Lorenzo Pacitti

Edinburgh Fringe review: Mark Grist and MC Mixy, Dead Poets’ Death Match

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The stunning poetry of Mark Grist and the endlessly impressive raps of MC Mixy make for a death match made in heaven.

Eight legendary poets on offer, four on Mark’s side and four on Mixy’s. They are all well chosen participants with recognisable names for novices and fascinating backstories to generate funny and interesting material for the performers. The team element means we don’t get to hear about all the poets but it does mean the audience is in control of the show they wanted to see, choosing their two favourites from each side before deciding on a final showdown.

Each chosen poet is given an introduction and a brief history through a joint rap of Mark and Mixy’s, along with a individual pieces by the pair that they were influenced to create after researching the poet. As these performances pieces weren’t formally introduced, it was fascinating to see Mark take to the stage in what appeared to be a short stand-up routine before you realised he’d slipped seamlessly into poetry. Mixy then took his turn to offer a poem including a hilarious paternal ode with a brilliant catch I won’t spoil.

These interludes were spellbinding for any fans of spoken word as the two performers were on the top of their game. A particular highlight was Mixy’s turn in the spotlight for his regular freestyle rap attempt. 10 incredibly difficult words were given from the audience, which Mixy proceeded to weave into an incredible freestyle rap that incorporated every word. It was done without missing a beat, without a do-over or a hesitation, no wasted verses. This alone was worth a good chunk of the ticket price, along with Mark’s wonderful poetry.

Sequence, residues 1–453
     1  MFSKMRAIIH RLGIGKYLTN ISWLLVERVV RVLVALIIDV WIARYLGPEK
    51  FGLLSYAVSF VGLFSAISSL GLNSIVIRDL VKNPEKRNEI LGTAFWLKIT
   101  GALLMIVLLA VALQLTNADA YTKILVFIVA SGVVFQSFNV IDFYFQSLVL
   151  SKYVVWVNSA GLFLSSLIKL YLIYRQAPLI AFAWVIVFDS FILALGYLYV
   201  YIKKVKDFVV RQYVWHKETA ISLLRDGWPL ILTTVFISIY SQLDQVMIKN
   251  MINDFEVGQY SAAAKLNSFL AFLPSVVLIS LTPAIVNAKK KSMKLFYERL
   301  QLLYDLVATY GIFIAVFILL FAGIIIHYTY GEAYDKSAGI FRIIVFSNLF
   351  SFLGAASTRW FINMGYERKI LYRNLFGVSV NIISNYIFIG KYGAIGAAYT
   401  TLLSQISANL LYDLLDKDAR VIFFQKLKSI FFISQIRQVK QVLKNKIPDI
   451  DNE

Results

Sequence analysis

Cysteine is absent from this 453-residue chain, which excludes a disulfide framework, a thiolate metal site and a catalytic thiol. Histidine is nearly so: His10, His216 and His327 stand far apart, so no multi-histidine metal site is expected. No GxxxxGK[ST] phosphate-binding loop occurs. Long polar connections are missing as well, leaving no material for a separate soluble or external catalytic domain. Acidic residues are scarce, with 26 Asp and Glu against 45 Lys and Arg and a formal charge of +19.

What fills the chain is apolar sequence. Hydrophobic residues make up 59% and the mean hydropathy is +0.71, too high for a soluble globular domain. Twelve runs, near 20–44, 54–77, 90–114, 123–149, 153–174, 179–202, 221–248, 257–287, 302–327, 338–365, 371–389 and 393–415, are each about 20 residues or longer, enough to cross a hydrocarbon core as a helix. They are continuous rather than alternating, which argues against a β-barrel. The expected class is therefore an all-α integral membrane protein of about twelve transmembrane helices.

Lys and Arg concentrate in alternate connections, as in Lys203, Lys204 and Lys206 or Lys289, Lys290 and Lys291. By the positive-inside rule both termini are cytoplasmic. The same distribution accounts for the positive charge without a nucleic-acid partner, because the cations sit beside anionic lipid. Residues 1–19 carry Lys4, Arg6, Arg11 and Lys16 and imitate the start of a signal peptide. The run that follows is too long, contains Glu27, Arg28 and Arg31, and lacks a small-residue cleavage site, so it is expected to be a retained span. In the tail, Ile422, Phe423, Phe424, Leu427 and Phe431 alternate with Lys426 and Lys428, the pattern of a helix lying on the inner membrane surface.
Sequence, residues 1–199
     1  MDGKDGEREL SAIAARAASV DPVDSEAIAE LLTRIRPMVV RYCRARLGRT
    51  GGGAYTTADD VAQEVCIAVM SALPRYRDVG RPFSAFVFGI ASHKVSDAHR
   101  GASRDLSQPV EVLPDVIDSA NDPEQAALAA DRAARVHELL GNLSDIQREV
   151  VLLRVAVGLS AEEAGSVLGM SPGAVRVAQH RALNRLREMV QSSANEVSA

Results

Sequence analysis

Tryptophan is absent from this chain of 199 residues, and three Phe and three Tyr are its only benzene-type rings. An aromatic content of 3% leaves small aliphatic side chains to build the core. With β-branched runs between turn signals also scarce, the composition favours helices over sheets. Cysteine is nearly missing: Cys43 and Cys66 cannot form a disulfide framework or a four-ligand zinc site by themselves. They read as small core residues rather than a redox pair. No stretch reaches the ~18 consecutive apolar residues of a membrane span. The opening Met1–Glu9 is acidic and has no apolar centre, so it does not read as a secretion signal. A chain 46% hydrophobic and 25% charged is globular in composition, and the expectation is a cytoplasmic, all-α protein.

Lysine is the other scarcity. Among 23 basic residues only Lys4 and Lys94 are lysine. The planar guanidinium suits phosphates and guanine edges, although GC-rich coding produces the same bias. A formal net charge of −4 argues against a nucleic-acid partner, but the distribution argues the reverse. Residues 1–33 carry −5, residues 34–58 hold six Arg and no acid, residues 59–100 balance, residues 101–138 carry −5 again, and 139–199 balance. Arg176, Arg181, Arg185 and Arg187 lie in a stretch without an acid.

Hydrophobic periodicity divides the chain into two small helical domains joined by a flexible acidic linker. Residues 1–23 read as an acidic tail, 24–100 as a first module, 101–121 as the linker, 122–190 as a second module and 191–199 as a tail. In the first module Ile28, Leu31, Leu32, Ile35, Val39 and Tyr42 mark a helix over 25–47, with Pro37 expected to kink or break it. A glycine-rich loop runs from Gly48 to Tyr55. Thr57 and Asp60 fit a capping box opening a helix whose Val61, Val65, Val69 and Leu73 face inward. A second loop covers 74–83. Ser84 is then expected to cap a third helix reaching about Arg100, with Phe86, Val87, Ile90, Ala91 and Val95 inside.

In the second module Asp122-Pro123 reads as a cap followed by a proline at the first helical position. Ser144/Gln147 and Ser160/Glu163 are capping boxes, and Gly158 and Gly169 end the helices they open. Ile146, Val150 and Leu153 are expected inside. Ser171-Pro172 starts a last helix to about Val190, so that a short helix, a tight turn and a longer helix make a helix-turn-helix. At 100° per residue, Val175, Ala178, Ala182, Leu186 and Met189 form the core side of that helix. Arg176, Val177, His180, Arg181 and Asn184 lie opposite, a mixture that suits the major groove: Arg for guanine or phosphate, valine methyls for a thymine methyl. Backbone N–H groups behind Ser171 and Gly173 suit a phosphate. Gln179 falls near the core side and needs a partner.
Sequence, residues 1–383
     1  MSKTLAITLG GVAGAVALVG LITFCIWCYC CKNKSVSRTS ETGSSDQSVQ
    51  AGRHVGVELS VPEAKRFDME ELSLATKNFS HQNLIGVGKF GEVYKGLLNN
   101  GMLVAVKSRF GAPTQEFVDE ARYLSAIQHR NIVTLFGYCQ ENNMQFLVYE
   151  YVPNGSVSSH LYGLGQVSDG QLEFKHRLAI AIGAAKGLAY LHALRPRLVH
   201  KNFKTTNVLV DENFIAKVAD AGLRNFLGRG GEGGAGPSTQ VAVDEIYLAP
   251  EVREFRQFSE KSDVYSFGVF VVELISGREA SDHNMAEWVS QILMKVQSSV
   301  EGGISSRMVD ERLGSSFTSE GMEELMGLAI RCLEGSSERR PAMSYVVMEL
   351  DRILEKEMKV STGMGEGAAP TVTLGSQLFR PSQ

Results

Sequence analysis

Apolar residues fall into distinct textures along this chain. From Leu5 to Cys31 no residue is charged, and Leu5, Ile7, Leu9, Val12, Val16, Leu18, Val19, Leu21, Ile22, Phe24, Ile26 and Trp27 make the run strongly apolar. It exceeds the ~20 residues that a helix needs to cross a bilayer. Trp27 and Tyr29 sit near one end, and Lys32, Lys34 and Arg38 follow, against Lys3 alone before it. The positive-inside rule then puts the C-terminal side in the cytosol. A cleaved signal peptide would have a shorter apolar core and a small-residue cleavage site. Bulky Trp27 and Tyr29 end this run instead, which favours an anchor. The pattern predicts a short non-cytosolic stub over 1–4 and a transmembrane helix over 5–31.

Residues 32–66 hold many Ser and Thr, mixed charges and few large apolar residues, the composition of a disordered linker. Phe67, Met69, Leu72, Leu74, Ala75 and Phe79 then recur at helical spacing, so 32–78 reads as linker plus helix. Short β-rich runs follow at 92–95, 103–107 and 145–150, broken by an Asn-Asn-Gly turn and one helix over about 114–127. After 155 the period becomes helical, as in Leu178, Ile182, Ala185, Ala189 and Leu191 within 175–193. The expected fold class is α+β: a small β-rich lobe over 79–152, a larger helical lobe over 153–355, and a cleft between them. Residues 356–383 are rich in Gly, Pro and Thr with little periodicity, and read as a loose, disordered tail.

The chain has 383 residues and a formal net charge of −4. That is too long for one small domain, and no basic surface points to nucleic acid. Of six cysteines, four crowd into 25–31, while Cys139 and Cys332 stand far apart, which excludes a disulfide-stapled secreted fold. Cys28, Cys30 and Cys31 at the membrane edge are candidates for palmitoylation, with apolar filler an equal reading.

The show concludes with an almighty rap battle of two poetry heavyweights as they throw insults at each other and approach this round with increased bombast and humour. It’s hilarious and often juvenile but still as impressive and engrossing as their earlier serious work.

If any element of spoken word, poetry, comedy, rap included in the ticket price peaks your interest, then this a must-see and a double act that needs much more exposure.

Date of live review: 20 August 2014 @ Assembly Rooms Studio 4

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